Career Translation: An Interview With Literary Translator Katy Derbyshire

Career Translation: An Interview With Literary Translator Katy Derbyshire

What is it really like to work as a translator? Young Germany talks with literary translator Katy Derbyshire about the differences between literary and commercial translation, translation software, working in Germany, and living in Berlin.
by Nicolette Stewart

Katy Derbyshire was born in London and after spending six months as an au pair in Berlin, got a degree in German Studies at Birmingham University.  Those six months in Berlin convinced her to move back after graduation, when she got her Diploma of Translation from London University.  She has been living in Berlin ever since.

The exam, she says, was challenging, but worth the effort to get a head start on translation jobs.  “It’s a quite difficult exam,” Katy told me as we sat nestled in the relative quiet of her publisher’s stand at the 2014 Frankfurt Book Fair.  “I didn’t pass until the second time.  But its worth it. It’s not just a piece of paper. People know that it’s a good qualification.”

Since moving to Berlin in 1996, Katy has not only worked as a translator—she has also worked as an English teacher, a courier, and at a call center doing marketing research.  But none of these jobs were what she wanted to do with her life. “That was why translation offered itself,” she explained. “I have a degree in German studies, and that seemed to be my only skill. I could speak German and English, and I could write. It seemed like a good combination, so I took the exam and got work through translation agencies. It was a good way to start and get my foot in the door.”

Though Katy had spent plenty of time studying German, using German day-to-day was still a challenge at first.  “I came to Germany straight after school in ’92 as an au pair, so I was living with a family in Berlin. The mother did speak English, but nobody else did. They had a chauffer and two cleaning ladies, and the chauffeur and one of the cleaning ladies had very, very thick Berlin accents.  One was from the West and one was from the East—in ’92 you could still hear the difference quite clearly—and  that was a kind of baptism by fire because I didn’t understand anything they said.  I’d had six years of German at school, but that doesn’t prepare you for completely different words or accents and having to deal with that. That was probably the biggest leap that I made.”

But German classes and practice soon had brought her German skills up to a native proficiency. “I was going to classes every afternoon and doing serious grammar for three hours a day. I know my comma rules better than a lot of Germans.”

Having now translated over a dozen books—including Axolotl Roadkill by Helene Hegemann, The Shadowboxing Girl and What Darkness Was by Inka Parei, and Plan D by Simon Urban—Katy has since firmly established herself in the world of literary translation.  Though the pay for commercial translation is higher, Katy prefers the challenge of translating literature.  Her love of German literature and her passion for the translation profession is evident in the writing she does on her blog love german books where she writes “biased and unprofessional reports on German books, translation issues and life in Berlin.”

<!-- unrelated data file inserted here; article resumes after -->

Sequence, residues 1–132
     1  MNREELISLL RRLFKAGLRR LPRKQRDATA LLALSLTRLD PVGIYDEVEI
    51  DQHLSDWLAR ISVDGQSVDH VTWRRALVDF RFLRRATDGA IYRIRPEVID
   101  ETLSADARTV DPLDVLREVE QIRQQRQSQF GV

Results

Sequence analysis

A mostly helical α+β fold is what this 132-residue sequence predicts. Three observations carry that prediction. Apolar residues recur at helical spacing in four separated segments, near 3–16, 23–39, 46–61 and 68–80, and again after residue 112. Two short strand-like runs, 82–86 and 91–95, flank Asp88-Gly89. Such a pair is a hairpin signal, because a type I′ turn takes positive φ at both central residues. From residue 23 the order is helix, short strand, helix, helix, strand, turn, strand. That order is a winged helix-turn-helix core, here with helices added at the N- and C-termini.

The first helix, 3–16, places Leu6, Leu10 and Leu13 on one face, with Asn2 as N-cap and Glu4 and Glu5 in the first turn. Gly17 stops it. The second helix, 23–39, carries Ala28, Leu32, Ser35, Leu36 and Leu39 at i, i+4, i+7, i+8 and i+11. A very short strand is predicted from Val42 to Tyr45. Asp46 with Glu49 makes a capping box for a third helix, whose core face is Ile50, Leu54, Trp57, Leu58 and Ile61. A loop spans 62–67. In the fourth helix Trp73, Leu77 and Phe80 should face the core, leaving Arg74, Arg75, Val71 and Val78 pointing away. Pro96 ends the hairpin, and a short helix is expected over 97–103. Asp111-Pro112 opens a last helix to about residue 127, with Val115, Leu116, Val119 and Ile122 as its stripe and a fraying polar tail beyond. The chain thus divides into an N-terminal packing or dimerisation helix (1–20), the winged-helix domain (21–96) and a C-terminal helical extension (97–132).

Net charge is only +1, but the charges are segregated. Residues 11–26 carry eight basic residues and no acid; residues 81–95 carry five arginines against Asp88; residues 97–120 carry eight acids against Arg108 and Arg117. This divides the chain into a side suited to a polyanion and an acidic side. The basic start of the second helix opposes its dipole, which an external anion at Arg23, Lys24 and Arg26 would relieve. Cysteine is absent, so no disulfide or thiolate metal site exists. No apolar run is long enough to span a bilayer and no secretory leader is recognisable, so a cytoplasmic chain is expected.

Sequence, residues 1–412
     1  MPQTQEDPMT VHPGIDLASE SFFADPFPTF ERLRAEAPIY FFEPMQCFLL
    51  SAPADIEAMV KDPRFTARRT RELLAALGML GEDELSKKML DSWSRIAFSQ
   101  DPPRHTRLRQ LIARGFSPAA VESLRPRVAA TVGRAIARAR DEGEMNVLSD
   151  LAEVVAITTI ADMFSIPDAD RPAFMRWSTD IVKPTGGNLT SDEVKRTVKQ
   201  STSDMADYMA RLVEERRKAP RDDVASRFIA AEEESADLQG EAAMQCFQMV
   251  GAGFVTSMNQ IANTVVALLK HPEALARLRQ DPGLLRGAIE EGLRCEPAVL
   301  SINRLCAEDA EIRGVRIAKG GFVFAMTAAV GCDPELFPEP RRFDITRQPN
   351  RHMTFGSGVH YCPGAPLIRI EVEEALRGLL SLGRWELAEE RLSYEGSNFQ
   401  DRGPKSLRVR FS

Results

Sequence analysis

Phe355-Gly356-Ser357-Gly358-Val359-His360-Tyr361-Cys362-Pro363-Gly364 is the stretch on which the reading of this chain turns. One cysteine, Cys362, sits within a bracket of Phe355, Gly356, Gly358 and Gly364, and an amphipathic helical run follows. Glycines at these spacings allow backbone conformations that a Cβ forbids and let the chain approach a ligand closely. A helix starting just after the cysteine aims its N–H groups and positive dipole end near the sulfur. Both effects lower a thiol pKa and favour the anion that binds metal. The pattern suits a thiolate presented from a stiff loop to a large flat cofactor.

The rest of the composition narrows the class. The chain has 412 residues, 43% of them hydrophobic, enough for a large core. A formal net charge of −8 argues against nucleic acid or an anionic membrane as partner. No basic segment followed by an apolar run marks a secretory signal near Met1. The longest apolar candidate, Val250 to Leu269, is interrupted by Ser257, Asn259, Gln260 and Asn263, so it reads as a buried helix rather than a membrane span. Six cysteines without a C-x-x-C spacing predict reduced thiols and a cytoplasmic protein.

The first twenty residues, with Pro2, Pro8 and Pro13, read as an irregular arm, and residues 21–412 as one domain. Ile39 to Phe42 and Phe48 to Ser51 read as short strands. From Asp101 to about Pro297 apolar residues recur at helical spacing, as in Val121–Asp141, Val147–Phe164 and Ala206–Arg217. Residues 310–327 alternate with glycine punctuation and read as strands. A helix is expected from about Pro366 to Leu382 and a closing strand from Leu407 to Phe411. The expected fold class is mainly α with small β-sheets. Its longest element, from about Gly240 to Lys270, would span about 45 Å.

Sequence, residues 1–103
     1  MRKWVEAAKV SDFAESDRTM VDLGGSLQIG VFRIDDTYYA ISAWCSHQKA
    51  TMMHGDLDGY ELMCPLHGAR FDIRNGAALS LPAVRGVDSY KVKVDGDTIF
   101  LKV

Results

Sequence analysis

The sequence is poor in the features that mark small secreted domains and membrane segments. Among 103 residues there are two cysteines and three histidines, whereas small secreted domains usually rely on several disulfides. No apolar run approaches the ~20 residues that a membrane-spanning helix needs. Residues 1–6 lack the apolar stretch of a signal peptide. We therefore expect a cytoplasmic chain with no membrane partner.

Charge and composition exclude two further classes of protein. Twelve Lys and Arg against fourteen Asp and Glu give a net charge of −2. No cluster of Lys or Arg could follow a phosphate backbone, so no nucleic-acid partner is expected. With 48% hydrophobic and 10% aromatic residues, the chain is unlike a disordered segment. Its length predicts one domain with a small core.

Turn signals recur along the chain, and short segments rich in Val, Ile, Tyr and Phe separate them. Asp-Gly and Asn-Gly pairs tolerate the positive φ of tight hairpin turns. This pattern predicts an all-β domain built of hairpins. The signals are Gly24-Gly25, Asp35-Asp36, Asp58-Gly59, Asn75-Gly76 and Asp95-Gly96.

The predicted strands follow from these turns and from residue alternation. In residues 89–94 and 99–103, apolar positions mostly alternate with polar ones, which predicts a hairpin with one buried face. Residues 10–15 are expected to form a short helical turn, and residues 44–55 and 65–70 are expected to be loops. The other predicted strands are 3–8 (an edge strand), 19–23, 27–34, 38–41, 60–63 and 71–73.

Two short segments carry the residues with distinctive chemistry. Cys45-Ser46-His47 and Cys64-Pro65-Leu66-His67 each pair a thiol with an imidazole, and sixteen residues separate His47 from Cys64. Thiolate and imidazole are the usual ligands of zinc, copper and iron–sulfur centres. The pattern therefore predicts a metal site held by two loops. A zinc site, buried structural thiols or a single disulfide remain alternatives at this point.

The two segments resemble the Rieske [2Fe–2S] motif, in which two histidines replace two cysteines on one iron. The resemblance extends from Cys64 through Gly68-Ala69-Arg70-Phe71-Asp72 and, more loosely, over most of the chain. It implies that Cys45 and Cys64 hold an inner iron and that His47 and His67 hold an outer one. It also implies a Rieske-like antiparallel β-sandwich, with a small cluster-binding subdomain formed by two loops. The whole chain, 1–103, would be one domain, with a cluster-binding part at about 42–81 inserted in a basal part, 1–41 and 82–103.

Literary translation and commercial translation have a few major differences.  Where commercial translation, for example of a technical guide or a medical book, needs to be exact and consistent, translating literature involves more freedom, and more choices—though many of these are difficult.

A translator’s work day resembles that of any writer, but it also includes constant negotiation with the source text. Translators must make decisions about style, word choice, and the inclusion (or impossibility of inclusion) of literary devices like alliteration, rhythm, humor, and tone.  When multiple elements are at play, one will often have to be sacrificed in order to keep the other because of target language constraints.  While many writers prefer a translation that follows the original work exactly, many translators prefer a “free” translation so as to create a text that resonates well in the target language—even if that means deviating from the source text.  I asked Katy how she made those tough decisions.

“My theory there is that it all evens out. If you can’t get alliteration and a joke in one word, you can get the joke and the alliteration in another word, and it doesn’t even have to be on the same page.  At some point I ask questions like: ‘have we got enough jokes, have we got enough rhythm, have we got enough swearing?’ All those things have to balance out, but not in the exact same places. The Germans call it the Rosinentheorie. If you have a recipe for a cake with raisins in it, you have the measurements for the amounts of flour and sugar and butter and the amount of raisins. Every time you bake it you put the same amount of raisins in the cake, but in every single cake the raisins would be in a different place. So. Bear in mind when you’re translating: those raisins, they’re in there.”

The editorial process for literary translation is also different than that of a commercial translator.  For one, it includes contact with writers and publishers.  Though the manuscript does not typically return to the writer—during the editorial process for a translation, the translator takes on the role of the manuscript’s writer—the translator will often contact the writer with questions.